Alicia Seyler and Amy Corbin
August 1, 2004
August 1, 2004
The wetlands around Lawrence, in eastern Kansas, hold over a hundred years of memories of Native children forced to grow up in isolation from their families and cultures. These memories bear their traces in unmarked child graves and a medicine wheel erected by contemporary Haskell students. Now, a proposed highway would run through the wetlands, destroying the sacred place and the ecosystem. “It is disturbing that…the [Army] corps would permit construction that will irreparably damage the environmental, scientific, historical, cultural and religious resources of the wetlands, especially when better and less expensive alternatives have been swept under the carpet,” says Jackie Mitchell, of the Prairie Band Potawatomi Nation. “This cannot be allowed to happen.”
At the end of U.S. Indian Treaty Negotiations in 1871, the U.S. government began formal assimilation policies geared toward the civilization of American Indian peoples. One result of this “civilizing” mission was the growth of Indian boarding schools from the end of the 19th century through the early 20th century. To reformers, assimilation and off-reservation boarding schools were a better alternative to policies of literal extermination, and so Bureau of Indian Affairs agents were given license to forcibly remove children from their homelands, families, and culture, all in the name of saving them. Native children stolen from their families were forced to adopt European ways and were punished severely for speaking their native language, practicing their religion, or celebrating their traditions.
The United States Indian Industrial Training School, as the Haskell school was first known, was one of the first boarding schools and opened in 1884 with the goal of giving American Indian students the vocational skills necessary to assimilate in order to “kill the Indian and save the man.” Haskell began its boarding school with twenty-two Indian students from various tribes across the U.S., first focusing on agricultural trades. Student life was rigid and inflexible: if a child was caught speaking their tribal language, practicing traditional customs, or not adhering to the militaristic standards of school behavior, cruel and unusual punishments were utilized to deter their “deviant” behavior-which sometimes resulted in the death of the child.
The school was located on wetlands to use land that white settlers did not want, yet the wetlands became a place of comfort and ceremony for many of the students forced into this harsh new way of life. The wetlands served as a place of farewells, where elders left children with words of advice and prayer, and a meeting place for students to reunite with their families and friends when they were homesick. Students often went to the wetlands to perform ceremonies, pray, commune with nature and the environment, and even to bury their dead. The children’s deaths were caused by disease, suicide, sometimes the environment itself, as runaway students died of exposure in the wetlands. Students were secretly buried in the wetlands by their fellow students, who performed spirit release ceremonies using a lock of hair. Thus the area has always been a site of resistance, a fact recognized by school officials, who tried to “kill” the wetlands-cutting down vegetation and draining the water-in order to prevent the cultural activities which took place there.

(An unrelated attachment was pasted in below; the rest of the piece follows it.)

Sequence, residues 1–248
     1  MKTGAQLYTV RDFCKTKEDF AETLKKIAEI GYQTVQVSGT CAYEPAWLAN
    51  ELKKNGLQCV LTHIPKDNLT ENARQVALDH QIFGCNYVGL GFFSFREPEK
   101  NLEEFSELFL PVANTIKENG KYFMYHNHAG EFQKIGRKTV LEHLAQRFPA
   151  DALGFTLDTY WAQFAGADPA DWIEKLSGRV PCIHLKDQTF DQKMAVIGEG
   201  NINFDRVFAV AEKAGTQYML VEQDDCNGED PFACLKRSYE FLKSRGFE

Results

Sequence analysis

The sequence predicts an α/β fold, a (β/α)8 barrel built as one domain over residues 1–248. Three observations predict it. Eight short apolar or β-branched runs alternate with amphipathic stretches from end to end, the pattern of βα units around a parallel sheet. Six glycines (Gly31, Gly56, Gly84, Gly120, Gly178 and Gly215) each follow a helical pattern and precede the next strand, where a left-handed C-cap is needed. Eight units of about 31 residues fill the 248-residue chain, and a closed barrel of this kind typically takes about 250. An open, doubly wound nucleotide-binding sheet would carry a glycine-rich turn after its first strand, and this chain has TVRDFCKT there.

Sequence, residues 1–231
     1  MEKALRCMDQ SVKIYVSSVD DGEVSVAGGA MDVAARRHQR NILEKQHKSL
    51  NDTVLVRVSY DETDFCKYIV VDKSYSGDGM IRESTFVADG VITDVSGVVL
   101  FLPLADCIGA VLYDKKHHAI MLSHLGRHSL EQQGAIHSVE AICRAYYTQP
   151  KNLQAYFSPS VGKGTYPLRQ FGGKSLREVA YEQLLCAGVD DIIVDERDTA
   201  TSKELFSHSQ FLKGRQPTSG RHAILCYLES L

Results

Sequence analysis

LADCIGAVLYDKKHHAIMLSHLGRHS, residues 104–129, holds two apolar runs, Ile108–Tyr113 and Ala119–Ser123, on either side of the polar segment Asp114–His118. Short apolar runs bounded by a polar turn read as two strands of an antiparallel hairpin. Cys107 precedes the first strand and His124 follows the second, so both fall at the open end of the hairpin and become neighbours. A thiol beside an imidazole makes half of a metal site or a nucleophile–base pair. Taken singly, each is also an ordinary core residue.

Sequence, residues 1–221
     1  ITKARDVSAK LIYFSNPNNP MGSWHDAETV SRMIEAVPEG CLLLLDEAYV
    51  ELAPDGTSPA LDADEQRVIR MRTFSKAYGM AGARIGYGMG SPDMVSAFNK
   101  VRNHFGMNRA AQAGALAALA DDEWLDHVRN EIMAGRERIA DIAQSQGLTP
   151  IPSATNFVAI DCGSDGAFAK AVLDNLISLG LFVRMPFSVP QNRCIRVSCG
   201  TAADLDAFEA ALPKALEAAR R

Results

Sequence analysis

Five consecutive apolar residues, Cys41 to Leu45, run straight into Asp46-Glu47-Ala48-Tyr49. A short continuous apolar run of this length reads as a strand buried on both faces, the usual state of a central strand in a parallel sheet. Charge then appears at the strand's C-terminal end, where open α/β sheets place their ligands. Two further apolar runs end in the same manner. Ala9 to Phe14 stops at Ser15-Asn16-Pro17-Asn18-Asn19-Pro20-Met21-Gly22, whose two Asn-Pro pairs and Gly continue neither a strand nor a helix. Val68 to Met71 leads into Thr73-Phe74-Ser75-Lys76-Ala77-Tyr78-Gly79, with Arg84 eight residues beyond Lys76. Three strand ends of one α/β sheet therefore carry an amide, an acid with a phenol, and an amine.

However, decades later, the wetlands returned to life after being abandoned, “some believe as a gift from the creator, to honor the incredible transformation of Haskell from one of the nation’s most notorious boarding schools to a true university,” in the words of Michael Caron of Save the Wetlands. Various unknown and unmarked graves in the wetlands are a constant reminder of the brutal realities which boarding school forced on the children. Because of these graves, the history of the wetlands, and the experiences that these native children experienced as chattel of the United States government, many tribes consider this land sacred. Indian people continue to use the area for prayer and in 1992, Haskell students constructed a Medicine Wheel which is a site of ceremony. Its historical and cultural significance also makes this land worthy of protecting as a National Historic Site.
The school continues to draw students, though now on a voluntary basis with a curriculum based on Native American cultures. It has gradually evolved from a trade school into a four year university, designated Haskell Indian Nations University in 1993. It enrolls Native American students from around the country and provides B.A. degrees under the auspices of the Bureau of Indian Affairs, training students in elementary teacher education, American Indian studies, business administration, and environmental science. In 2002, the university opened its Cultural Center and Museum which documents the institution’s long and varied history, storing its archives and hosting contemporary exhibitions.